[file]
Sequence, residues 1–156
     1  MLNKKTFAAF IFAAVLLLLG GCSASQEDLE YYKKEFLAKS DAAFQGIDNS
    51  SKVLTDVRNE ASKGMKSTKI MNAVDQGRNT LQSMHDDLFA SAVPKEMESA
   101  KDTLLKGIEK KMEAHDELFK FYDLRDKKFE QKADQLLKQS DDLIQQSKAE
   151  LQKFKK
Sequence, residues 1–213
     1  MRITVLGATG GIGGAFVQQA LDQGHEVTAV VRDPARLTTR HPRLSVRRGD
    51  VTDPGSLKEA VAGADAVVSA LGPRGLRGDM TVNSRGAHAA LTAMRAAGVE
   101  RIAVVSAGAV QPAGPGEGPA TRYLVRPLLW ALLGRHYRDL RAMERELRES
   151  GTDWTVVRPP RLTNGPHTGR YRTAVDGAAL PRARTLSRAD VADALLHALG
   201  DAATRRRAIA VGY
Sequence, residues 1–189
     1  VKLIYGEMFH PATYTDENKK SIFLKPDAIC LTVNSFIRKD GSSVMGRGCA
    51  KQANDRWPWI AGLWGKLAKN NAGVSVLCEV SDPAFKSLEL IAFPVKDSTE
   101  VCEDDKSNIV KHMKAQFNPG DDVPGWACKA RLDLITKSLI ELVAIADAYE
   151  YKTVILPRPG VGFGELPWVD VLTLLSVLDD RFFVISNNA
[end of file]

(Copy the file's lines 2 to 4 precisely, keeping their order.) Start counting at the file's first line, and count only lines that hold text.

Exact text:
     1  MLNKKTFAAF IFAAVLLLLG GCSASQEDLE YYKKEFLAKS DAAFQGIDNS
    51  SKVLTDVRNE ASKGMKSTKI MNAVDQGRNT LQSMHDDLFA SAVPKEMESA
   101  KDTLLKGIEK KMEAHDELFK FYDLRDKKFE QKADQLLKQS DDLIQQSKAE